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Ben also shows how to obtain accurate color balance in tungsten and fluorescent lighting situations, and how to postprocess the images in Photoshop to remove noise caused by higher ISO settings. He also demonstrates accessories that can greatly expand your low-light photography options.
- Understanding how low light affects exposure, shutter speed, color temperature, and more
- Preparing for a low-light shoot
- Shooting in dimly lit rooms
- Using the flash indoors
- Shooting in the shade
- Taking flash portraits at night
- Controlling flash color temperature
- Focusing in low light
- Light painting
- Manipulating long shutter speeds
- Correcting white balance
- Brightening shadows
- Sharpening and noise reduction
Skill Level Intermediate
By now you should be comfortable with a balancing act that is low-light photography. Of course, in any type of photography you are always balancing, shutter speed, aperture, ISO, depth of field, motion stopping, but in low-light shooting you are really pushing the bounds of those things, and sometimes it's hard to keep it all in order. I ran into a problem the other night, at the theatersports show. If you look at this image here, you'll see that I have a depth-of-field problem. Really soft focus back here but not here. Now a lot of times you might be reviewing an image and find a focus problem and think oh no, my auto focus on my camera isn't working.
Here it is, to my eye, plainly a depth-of- field problem because I do have good focus. It's just not very deep. I can confirm that though by going and checking out my metadata. I am at f/8.0, which seems like it should be pretty deep, but still, I have got this softness back here. I don't think he was moving, so whatever the case, I have got a problem that this image may not be usable because I don't like the shallow focus. However, I have sharpening tools. Now this is an awful lot of blurring we have got here. We will have to see how much we can do. I can't really bring him into the same level of sharpness that I can bring him.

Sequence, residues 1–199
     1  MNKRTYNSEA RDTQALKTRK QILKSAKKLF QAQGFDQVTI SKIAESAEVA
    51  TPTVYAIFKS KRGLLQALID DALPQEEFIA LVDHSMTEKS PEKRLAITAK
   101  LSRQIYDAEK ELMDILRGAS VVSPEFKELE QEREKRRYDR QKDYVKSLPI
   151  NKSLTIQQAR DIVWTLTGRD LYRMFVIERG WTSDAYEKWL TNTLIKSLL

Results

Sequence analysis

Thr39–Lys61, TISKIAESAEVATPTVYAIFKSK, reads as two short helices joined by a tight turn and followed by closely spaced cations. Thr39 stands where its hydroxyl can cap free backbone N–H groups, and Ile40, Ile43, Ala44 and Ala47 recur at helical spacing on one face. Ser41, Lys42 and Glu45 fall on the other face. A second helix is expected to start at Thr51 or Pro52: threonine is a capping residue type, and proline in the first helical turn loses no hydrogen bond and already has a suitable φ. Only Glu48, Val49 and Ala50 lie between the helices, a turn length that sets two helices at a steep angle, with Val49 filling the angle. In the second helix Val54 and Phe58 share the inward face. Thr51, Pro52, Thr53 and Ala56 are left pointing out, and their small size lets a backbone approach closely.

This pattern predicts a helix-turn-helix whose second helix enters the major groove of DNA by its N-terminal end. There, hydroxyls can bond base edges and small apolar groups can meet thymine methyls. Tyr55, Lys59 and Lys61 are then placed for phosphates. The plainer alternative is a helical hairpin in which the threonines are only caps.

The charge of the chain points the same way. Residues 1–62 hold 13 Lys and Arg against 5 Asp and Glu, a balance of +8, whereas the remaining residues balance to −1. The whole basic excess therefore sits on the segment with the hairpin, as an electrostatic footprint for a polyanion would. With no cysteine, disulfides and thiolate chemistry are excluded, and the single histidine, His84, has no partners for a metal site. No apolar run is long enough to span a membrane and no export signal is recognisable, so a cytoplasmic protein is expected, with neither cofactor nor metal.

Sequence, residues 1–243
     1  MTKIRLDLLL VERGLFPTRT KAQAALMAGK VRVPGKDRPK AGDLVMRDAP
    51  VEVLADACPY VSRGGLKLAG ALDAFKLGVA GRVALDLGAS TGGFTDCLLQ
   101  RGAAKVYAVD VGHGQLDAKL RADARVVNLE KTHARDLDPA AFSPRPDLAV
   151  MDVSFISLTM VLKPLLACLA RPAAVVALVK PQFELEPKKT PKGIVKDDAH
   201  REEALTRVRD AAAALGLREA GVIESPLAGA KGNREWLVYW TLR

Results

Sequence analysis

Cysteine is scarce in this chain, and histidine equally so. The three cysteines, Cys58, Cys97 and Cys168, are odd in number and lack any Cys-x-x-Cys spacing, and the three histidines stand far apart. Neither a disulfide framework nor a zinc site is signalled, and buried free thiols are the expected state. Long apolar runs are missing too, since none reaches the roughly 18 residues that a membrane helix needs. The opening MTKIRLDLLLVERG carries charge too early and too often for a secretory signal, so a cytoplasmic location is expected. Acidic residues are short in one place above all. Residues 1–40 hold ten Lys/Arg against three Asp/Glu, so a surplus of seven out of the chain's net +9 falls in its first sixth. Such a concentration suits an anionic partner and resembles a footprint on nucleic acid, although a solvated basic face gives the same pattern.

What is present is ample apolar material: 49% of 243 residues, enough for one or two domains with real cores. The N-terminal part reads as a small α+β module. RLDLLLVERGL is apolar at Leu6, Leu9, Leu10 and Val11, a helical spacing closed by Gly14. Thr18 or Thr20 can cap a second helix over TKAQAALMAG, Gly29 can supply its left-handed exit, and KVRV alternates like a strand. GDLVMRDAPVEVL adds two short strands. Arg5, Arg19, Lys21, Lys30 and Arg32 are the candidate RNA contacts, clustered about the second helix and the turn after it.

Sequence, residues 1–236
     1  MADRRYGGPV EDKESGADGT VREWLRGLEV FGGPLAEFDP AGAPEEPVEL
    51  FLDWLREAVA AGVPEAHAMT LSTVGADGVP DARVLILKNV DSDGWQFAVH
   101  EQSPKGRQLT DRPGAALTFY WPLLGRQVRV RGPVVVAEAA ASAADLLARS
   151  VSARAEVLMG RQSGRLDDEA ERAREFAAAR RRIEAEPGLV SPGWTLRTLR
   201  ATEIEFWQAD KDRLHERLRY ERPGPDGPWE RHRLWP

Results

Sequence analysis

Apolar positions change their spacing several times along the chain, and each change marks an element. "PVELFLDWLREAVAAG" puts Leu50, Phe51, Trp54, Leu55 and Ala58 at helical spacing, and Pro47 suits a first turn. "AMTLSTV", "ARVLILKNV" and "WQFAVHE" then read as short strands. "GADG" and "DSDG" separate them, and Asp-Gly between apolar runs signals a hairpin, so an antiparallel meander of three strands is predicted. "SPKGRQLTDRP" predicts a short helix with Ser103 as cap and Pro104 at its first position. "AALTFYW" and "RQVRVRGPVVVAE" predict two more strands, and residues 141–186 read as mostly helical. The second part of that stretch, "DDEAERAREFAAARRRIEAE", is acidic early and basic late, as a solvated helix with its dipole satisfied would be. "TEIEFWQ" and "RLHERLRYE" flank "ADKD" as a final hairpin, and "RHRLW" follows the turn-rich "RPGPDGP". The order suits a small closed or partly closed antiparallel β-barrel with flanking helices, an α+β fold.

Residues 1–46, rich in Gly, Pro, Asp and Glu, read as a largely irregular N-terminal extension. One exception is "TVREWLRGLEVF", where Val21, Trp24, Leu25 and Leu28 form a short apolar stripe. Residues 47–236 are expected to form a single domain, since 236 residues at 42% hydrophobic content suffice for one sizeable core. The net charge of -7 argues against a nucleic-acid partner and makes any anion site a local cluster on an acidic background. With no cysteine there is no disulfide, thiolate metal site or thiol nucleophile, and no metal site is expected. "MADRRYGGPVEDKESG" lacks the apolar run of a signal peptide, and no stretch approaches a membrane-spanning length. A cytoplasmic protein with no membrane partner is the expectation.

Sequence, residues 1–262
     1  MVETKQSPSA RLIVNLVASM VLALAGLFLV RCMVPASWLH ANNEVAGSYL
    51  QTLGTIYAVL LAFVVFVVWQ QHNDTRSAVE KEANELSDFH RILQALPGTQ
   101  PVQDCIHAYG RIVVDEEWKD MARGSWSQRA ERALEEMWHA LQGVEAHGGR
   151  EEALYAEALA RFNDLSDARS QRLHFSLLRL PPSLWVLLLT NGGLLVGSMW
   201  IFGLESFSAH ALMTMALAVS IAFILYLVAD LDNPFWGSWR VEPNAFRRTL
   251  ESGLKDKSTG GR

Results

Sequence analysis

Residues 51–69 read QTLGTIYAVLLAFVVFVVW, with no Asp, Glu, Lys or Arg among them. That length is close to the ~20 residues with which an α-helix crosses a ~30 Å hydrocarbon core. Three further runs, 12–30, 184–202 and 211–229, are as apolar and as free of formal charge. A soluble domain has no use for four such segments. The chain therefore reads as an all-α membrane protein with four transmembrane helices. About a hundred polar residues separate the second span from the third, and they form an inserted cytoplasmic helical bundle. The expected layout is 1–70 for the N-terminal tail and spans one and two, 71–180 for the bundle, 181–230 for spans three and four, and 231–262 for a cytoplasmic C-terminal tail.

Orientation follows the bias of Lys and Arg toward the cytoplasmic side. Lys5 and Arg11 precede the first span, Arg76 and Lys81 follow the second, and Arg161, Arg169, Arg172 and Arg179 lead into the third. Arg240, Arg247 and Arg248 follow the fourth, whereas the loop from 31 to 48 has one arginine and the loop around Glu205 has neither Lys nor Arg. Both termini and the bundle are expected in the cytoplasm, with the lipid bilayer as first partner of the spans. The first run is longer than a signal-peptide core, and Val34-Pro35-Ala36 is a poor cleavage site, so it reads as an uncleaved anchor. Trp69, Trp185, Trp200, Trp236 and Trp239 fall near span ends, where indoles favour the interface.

But sharpness is a weird thing. It's a really subjective thing, particularly when it comes to portraits, where we mostly take the cues of our sharpness from eyes and little bits of hair here and there. So I am going to do some very aggressive sharpening, but I am going to do it in a very selective manner, to try and create the illusion that maybe he is not as soft as he seems to be. So let's open this image in Camera Raw. I was shooting row so, as always, because it's low light, I need a white balance correction. I am going grab my eyedropper, get over here into the whites of his eyes, and that's working pretty well.
With color corrected, I am going to go in and work my exposure some. I want the Exposure brighter. I am mostly just following the histogram here. I will warm it up a tiny, little bit. I could save all of these as a preset if I want, or copy the white balance of course from image to image for these images that were all shot in the same place. That's looking pretty good. I am not going to do any sharpening or anything in here. I am going to head on into Photoshop, because I want to do a selective sharpening, which is going to require some masking, something that I cannot do in Camera Raw. So, I am going to start here by duplicating my background layer.
This is the layer that contains the image data. And I am going to duplicate it because sharpening is always a destructive edit. It actually mangles my original pictures and if I screw up, I want a way of backing out of my process. And also sharpening is a difficult thing to judge on screen. I might want to be able to do a print to judge whether my sharpness is exactly right, so I may want to take the sharpening out and put in different sharpening later. So I am going to duplicate my background layer by dragging this layer down here to the New Layer button. So now I have two identical layers here.